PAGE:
I have no idea what “fried pie” is, but dang if I don't want one; that is a separate matter. Thus far, all I know is Earl looks to be sticking around Craw County for more than three days, and given this intriguing start to the series, I know I’ll be back next month to see what this “Boss” character is all about. If issue one of Southern Bastards is any indication of what’s to come, I would suggest picking up this book immediately before it vanishes from the shelf, as it looks to be something special. HIGHLY RECOMMENDED!

Chew #41
Chew #41 - Written and lettered by John Layman, illustrated and colored by Rob Guillory, color assists by Taylor Wells, published by Image Comics. Okay, I already mentioned there might be spoilers up near the top of the page, and yup…spoilers. Tony and Amelia got hitched in Vegas, baby! Not only that, after the major bust Tony and Colby intentionally made while trippin’ balls on chog-basted space fruit has garnered them a certain sense of notoriety. Unfortunately for their director, Applebee, chief director Lamode is also there and the man doesn’t like Applebee all that much. Poor Applebee. He’s inconsolable, but that just means it’s time for liquid courage. Finally, after foiling a plot by the Collector, Tony and Amelia discover that love is most definitely in the air.

<sniffle> I’m cryin’, denizens. Not out of sadness, and not out of joy—I am happy for Tony and Amelia, though—but from laughing from the first page to the last. Every panel of every page has something clever or crude, blatant or hidden and it all brings a smile to my face. If you’ve been reading FSoH/SitW for any length of time, then you know that I love this series and have since I first set eyes on issue one. The characters and the story are wacky, they are just out there, man, but above all they are compelling. As often as the series plays events for laughs, there are those few moments that are terribly sad, like when a loved character dies, and you feel so very sorry for those who survive as their grief envelops them. Then the laughs come, and you are once again rooting for the hero to right the wrongs.

As I say with every issue of Chew I review, you will not find anything like this book on the stands. It is unique, it is gross, it is fantastic, and if you have not been reading this remarkable achievement from Layman and Guillory, then you have really missed the boat. Never fear, you can pick up the trades, or better yet buy the hard cover Omnivore Editions…like the ones I bought! After 42 issues (including the must-own Secret Agent Poyo Special!), I begin to run out of new things to say about this great comic book series, but that’s okay. My work is done just so long as a new reader decides to give Chew a shot. HIGHLY RECOMMENDED!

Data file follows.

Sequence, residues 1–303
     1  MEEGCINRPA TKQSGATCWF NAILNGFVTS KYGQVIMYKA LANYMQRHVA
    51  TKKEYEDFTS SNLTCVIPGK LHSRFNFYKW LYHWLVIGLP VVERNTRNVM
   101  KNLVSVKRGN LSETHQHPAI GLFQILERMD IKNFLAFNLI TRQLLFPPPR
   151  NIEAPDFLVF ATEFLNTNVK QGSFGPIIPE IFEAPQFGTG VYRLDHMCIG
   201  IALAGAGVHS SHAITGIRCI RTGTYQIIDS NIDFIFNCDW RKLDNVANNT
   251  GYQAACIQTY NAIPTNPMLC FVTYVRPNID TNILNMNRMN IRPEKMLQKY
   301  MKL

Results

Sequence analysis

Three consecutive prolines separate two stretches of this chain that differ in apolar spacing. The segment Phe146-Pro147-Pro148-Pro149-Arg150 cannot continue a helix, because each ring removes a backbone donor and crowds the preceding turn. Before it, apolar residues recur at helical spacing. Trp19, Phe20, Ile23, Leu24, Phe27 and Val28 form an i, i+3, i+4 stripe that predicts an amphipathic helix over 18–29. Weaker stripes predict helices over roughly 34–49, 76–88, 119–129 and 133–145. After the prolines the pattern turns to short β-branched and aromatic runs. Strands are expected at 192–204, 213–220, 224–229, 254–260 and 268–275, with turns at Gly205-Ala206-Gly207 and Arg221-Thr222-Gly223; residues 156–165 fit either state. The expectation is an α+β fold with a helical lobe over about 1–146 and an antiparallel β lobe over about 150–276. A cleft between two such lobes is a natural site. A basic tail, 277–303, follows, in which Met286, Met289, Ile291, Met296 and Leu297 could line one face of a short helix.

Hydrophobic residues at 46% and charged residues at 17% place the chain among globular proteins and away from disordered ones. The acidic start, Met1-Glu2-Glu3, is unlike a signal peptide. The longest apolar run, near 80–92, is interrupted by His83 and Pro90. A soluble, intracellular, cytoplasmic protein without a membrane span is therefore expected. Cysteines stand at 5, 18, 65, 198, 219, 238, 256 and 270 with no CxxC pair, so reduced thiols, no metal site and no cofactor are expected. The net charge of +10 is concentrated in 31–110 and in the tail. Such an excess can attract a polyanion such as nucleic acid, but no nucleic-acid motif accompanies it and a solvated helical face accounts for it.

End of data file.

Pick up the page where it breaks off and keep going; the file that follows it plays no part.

Deadly Class #4
Deadly Class #4 - Written by Rick Remender, illustrated by Wes Craig, colored by Lee Loughridge, lettered by Rus Wooton, edited by Sebastian Girner, published by Image Comics. Hey kids, don’t try this at home. Actually, don’t try any of this at home, out of your home, or at anyone else’s home. I ain’t just talkin’ about all the rampant drug use in this issue, I’m also talking about becoming assassins. Just. Don’t. Do. It. Also, kids, don’t go to Vegas; don’t even think about going to that den of sin. Stay home, stay in school—NOT one for assassins, mind you—get some kind of pet like a fish. Most of all kids, never go to a Grateful Dead show, or whatever it is for passes for one these days; no good will ever come of it.

Deadly Class continues to be an enjoyable and well-told tale, as Marcus continues to make one bad decision after another, namely risking being caught escaping from his punishment by his assassin school administrators, and doing a crapload of drugs. This is not my usual bag, as I’ve endured being around morons on drugs far too many times in my life, but here’s the thing: I’ve know people like Marcus, Willie, Saya, and the rest—minus the assassinating, of course. Given the time period and the kids involved, I can completely see them digging themselves into deeper and deeper trouble, as they head to Vegas after a quick stop at a Grateful Dead show. The question isn’t “Why would they do all of this?” but more accurately "Why wouldn’t they do all this?”

After reading Remender’s heartfelt note at the end of the first issue, I have a sneaking suspicion that some/much of this issue stems from personal experience. Remender continues to deliver amazing dialogue and phenomenal character development moments. Craig’s art takes the gorgeous, dynamic storytelling of the first three issues and adds in plenty of psychedelics to drive home the (altered)state of Marcus’s mind at the key moments. Craig’s standout pages are when Marcus—who is trippin’ balls—and his crew arrive in Vegas. Much of the impact is expertly hammered home through Loughridge’s amazing colors that are both beautiful and horrifying; it’s a miracle Marcus isn’t permanently driven mad over the experience. By the end of the issue, you have a shining example of what happens when all of the creators are perfectly in tune with the story being told.

Deadly Class is yet another amazing Image Comics offering. If you are fine with a book about teenage assassins and are cool with rampant teen drug use depicted in an all-too-realistic manner, then this is the book for you. Especially after this issue, Deadly Class is The Breakfast Club meets the early years of Gross Pointe Blank meets Fear and Loathing in Las Vegas. If any of those movies or the subject matter scare you, then this might not be the book for you; I’m also shocked you read my posts. If you like those movies, and you are a fan of expertly crafted comic book stories, then this is a comic you can’t afford to miss. HIGHLY RECOMMENDED!

Slice Into the Woods

Still No Freaking Undertow #3 - What a revoltin’ development, I tell youse.